Dave and Janice
We consider ourselves fortunate to have met so many really wonderful friends in our RV lifestyle, and we love to get together when we can. We hope to see these two again in Conroe.

We took a brief side trip to Sedona, about 35 miles south of Flagstaff. We had visited there before, but it was a long time ago. It's still the bustling, touristy place that it ever was, but few towns have ever been established in a more beautiful setting. We took this photo from the airport overlook:




Before leaving town, we had dinner at the Mesa Grill Restaurant at the airport. It was quite good--amazingly so, in fact, for an airport restaurant.

From here, we're making our way to southwest Colorado, where we will meet up for a few days with longtime RV friends Bubba and LouAnn. On the way, we decided to stop in and take another look at the Petrified Forest National Park and its environs, the Painted Desert. Here are a few photos we took:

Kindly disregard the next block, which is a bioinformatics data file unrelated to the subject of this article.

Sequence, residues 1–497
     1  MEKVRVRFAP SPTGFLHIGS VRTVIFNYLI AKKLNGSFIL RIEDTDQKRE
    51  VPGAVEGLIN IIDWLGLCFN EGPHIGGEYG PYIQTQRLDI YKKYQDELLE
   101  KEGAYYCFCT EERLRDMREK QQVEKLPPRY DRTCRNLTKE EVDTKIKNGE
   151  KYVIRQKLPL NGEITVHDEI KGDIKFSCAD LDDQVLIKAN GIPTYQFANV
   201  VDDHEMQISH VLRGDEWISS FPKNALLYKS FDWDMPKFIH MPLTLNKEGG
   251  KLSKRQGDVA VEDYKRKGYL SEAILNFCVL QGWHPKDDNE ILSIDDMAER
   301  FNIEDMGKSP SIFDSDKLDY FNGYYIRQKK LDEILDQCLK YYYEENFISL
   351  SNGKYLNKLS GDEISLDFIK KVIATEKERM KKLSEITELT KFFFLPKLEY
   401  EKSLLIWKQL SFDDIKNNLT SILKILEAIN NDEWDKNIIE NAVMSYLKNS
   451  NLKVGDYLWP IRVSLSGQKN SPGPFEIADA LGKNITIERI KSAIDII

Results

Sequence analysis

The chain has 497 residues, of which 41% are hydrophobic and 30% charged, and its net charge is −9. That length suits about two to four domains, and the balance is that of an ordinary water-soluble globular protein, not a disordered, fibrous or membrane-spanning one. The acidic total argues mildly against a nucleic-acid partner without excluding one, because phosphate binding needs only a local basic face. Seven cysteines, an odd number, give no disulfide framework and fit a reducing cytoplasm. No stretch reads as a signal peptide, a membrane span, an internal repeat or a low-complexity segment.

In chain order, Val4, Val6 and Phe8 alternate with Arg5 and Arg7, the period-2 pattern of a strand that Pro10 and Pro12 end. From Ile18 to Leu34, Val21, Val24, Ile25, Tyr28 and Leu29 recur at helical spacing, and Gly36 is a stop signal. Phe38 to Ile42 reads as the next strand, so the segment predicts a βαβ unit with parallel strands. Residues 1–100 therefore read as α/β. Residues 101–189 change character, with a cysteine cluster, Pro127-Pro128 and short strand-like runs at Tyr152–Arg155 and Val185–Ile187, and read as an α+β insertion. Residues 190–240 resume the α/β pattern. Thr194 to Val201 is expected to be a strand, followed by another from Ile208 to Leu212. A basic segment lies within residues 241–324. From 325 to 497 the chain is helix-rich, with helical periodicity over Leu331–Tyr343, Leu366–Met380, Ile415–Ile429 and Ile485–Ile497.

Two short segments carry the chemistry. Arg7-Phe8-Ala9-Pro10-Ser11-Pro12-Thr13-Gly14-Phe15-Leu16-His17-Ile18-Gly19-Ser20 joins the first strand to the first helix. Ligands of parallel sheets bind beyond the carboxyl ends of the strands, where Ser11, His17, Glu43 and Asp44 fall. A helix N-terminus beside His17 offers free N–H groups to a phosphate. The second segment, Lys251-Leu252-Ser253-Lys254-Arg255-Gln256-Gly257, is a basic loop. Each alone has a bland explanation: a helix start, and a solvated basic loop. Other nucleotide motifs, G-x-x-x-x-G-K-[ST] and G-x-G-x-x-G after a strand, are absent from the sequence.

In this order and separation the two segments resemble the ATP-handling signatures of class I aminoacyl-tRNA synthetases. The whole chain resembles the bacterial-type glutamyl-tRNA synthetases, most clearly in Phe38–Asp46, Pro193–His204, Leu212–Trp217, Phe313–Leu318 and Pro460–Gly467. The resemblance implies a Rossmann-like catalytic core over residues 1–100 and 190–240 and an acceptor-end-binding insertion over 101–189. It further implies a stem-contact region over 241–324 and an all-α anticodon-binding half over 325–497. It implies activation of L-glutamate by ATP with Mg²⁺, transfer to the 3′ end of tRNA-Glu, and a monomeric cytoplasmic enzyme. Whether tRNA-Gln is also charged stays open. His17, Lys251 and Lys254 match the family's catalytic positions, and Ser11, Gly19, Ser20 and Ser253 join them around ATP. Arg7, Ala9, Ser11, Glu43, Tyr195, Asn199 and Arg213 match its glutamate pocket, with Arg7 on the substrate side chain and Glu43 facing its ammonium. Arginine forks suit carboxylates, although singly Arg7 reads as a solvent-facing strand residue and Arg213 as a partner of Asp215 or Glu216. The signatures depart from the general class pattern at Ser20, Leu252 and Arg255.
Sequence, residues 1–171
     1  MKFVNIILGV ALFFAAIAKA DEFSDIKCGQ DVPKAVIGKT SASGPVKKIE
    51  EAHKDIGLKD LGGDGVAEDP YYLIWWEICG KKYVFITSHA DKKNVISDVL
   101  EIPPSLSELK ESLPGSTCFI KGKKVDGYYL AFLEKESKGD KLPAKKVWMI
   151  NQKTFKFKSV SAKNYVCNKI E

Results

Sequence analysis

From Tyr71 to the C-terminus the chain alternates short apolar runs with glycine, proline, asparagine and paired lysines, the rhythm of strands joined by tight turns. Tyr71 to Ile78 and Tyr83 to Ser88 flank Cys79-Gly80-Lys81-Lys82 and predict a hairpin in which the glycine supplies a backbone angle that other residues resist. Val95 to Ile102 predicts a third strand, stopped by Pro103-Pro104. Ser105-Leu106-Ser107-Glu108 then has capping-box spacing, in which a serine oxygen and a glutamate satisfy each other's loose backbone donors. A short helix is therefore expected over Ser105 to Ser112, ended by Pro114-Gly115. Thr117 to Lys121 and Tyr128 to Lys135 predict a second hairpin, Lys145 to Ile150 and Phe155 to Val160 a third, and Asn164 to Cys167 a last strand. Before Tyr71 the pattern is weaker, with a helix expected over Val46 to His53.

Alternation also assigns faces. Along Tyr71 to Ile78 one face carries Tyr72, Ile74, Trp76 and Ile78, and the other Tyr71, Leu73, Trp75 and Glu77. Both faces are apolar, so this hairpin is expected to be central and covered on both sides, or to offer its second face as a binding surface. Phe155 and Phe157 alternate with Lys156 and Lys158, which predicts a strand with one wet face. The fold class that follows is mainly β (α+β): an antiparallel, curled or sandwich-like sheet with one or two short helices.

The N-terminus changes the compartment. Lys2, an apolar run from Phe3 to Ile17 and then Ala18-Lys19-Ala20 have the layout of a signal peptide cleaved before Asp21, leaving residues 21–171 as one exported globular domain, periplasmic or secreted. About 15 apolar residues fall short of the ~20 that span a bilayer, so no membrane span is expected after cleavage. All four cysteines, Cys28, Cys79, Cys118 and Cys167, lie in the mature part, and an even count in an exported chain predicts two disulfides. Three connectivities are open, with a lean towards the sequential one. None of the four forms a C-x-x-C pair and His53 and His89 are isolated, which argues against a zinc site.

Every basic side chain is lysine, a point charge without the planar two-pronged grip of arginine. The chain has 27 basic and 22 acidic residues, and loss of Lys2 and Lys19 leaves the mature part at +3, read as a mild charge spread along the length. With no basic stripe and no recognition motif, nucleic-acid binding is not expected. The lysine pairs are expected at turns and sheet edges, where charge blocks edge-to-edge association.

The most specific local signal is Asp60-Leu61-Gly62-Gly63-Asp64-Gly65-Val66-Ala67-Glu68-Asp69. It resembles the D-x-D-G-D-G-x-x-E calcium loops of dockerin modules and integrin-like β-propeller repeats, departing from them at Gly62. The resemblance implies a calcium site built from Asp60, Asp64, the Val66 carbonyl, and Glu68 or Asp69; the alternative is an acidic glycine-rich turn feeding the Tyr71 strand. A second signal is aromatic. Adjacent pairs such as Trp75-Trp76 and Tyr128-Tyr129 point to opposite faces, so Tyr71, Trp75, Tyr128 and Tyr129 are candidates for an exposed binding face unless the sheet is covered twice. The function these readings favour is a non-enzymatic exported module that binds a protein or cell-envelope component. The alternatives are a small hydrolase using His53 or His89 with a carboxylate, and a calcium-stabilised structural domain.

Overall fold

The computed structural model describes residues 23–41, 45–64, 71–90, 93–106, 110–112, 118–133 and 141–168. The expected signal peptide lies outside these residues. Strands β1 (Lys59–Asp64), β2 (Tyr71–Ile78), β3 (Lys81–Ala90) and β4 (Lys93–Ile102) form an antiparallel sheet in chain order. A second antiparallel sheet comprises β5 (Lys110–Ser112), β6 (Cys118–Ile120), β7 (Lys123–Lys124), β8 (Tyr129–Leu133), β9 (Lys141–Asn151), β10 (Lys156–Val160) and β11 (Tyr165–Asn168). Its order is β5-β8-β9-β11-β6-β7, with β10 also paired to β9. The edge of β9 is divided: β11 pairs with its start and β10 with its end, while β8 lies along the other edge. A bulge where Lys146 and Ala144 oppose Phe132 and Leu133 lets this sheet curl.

I have long had a fascination for the history of Route 66, the iconic "mother road" that traversed half the country and was the means by which many families got their first look at the magical place that is the American West. In Arizona, New Mexico and Texas, Interstate 40 follows much of the old highway, and I'm always delighted to be able to drive down any part of it, observing some of the relics of that golden age of travel. Here is a photo of the carcass of a 1932 Studebaker that is placed exactly where the now abandoned Route 66 traversed this national park. 



The desert plants have since reclaimed the highway, so the only indications of the roadbed location are the old telephone poles, also abandoned, that are visible beyond the car. This was only a few miles from the Painted Desert Inn, also in the park and overlooking the Painted Desert:



This place was built as a CCC project from 1937-1940, when it opened to the delight of travelers as a hotel. When Interstate 40 was built, it lost some of its allure for the fast-paced traffic and closed its doors in 1963. It was going to be demolished at one point but, after being designated as a National Historic Landmark, it will be saved for posterity. It now houses a museum and bookstore. We didn't get a look inside, as it had already closed for the day when we arrived. We love the architecture, and we were able to walk all around it, taking in the spectacular views: